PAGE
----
Newark City Council narrowly voted to continue their stricter-than-Delaware private gathering limits, but did at least give clues when they could go away.
In a 4-3 vote, council voted to maintain the 12-person indoor and 20-person outdoor private gathering restriction, but not before they spent nearly an hour trying to figure out what the end game will look like.
James Horning eventually recommended using City of Newark data from the MyHealthyCommunity page the state has been using to track COVID-19 cases.
His proposal was a approved, with the two key metrics coming from the state's reopening schools plan: percent positive (less than 3%) and new cases per 100,000 people (less than 10). Newark's 7-day averages as of Sunday were 8.4% and 8.3 cases.
In order to end Newark's restrictions, both of those achievements would need to be reached for three straight weeks.
Police Chief Paul Tiernan told council that there haven't been a lot of gathering limit citations issued in the past two weeks.
"Since September 13, I think we've only had about five of the large gatherings, and they were not extremely large, so it's been working out well. It's been a mix of some university students and some who were not."
Tiernan added that the reduction of students around campus and gathering limits have combined for a major positive for his department.
"Usually at this time of year on a Thursday, Friday, Saturday night from about 11 to early in the morning we're just swamped going from house party to house party. Usually we have a whole platoon of officers at a house party, breaking that up, and as they're getting a hold of that, I'm usually sending an officer to the next five house party calls to see which is the worst, and the whole platoon goes to that. We haven't had that, so besides dealing with the COVID issue, it's helped with the community disorder."
University of Delaware representative Caitlin Olsen said the school has been trying to help Newark PD clamp down.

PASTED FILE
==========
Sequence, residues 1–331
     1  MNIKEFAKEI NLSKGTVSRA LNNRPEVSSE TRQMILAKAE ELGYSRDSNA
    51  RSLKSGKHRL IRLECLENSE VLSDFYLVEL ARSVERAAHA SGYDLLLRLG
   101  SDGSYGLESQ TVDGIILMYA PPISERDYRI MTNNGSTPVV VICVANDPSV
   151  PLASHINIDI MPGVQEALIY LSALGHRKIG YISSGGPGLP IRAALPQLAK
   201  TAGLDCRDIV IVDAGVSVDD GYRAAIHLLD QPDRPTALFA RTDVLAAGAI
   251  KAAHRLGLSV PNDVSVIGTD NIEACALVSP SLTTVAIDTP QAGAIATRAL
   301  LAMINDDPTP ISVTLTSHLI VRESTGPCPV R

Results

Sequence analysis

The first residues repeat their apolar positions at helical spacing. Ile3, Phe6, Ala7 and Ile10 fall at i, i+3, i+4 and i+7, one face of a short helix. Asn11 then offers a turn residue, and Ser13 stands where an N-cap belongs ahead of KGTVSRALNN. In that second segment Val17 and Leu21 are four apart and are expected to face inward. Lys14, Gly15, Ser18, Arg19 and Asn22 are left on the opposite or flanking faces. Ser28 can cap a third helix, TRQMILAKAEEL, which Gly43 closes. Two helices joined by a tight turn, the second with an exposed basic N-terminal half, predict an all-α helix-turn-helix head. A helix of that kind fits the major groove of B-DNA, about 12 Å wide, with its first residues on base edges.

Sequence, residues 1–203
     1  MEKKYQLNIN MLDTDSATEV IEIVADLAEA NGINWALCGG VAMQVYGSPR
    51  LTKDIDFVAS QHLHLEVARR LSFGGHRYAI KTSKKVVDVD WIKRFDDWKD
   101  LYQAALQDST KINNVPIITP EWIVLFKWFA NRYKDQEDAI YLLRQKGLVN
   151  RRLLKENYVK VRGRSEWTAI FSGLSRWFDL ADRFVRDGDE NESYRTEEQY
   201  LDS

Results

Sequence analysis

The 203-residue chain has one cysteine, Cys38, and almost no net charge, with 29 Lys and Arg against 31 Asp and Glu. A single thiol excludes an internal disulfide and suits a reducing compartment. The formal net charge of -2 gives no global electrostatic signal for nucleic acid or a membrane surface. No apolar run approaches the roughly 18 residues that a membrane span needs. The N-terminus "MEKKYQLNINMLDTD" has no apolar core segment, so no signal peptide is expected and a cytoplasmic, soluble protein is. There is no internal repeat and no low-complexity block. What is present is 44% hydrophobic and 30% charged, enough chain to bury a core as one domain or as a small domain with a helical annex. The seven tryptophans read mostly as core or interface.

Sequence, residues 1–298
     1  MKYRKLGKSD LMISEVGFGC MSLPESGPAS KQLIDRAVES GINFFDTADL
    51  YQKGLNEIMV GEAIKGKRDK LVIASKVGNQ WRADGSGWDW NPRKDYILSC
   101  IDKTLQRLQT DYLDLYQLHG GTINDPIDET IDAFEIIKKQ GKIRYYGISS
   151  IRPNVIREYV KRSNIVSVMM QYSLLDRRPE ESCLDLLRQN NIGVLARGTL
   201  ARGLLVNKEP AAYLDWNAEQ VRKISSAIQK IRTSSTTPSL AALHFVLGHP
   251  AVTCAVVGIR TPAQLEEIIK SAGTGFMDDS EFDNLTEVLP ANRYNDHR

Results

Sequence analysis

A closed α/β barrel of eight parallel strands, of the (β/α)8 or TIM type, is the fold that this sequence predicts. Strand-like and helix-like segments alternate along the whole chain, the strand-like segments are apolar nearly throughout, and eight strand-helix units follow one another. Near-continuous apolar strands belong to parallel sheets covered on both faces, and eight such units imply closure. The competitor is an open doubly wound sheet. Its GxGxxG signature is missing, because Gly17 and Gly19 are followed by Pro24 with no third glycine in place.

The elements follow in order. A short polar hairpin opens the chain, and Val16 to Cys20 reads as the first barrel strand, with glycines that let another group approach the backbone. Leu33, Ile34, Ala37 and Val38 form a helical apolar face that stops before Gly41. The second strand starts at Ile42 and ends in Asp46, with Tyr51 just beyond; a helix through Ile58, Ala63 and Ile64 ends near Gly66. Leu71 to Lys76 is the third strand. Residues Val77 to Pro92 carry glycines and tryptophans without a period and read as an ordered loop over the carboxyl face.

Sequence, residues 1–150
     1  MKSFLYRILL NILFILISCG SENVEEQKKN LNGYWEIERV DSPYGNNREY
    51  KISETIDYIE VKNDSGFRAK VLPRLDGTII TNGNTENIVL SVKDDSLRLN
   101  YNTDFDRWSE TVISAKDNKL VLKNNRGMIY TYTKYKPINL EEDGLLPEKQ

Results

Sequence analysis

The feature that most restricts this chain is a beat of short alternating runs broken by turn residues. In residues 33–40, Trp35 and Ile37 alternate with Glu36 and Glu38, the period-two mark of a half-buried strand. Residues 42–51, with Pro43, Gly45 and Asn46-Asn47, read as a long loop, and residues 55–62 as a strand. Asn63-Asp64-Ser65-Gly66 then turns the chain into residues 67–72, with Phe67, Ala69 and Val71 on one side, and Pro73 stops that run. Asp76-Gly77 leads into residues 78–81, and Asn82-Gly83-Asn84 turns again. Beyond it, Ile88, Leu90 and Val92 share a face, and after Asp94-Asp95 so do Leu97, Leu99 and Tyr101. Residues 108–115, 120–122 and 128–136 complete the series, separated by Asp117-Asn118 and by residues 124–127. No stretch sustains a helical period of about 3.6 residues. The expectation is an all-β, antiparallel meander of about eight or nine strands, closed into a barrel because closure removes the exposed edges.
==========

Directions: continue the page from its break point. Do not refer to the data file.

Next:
"You cannot tell us you don't know the rules any more, those rules have been made very clear. Actually, everyone who has come to the Office of Student Conduct has admitted they know the rules."
That knowledge of the rules is why Jason Lawhorn quickly shot down any thought of moving the restrictions even tighter.
"They're smart about it, if you want to call it smart. They are gathering inside, and they are hiding, and they are finding ways when they're having their parties tell people when they're coming to not all come at once, so it doesn't look like they're all coming. That's a behavioral thing, and I don't think changing the gathering limits will change those people from those behaviors."
Newark said they had approved eight permits to extend the private gathering restrictions, with another two pending, with the average turnaround being about 24 hours.
Before tackling the gathering limits, City Council voted unanimously to extend provisions allowing the city's restaurants to use additional outdoor space for dining.
City Manager Tom Coleman supported the extension, but said as it gets cooler, he will not be recommending restaurants be allowed to put up awnings or tents.
"Our plan would be to heat the spaces as best you can to make it comfortable, but it shouldn't be an extension of the indoors, it's an extension of the outdoor seating."
The outdoor dining extension would end upon Governor Carney lifting that part of the State of Emergency, or movement by the state legislature on HB 349 or any other bill that would direct dining rules in Delaware during the pandemic.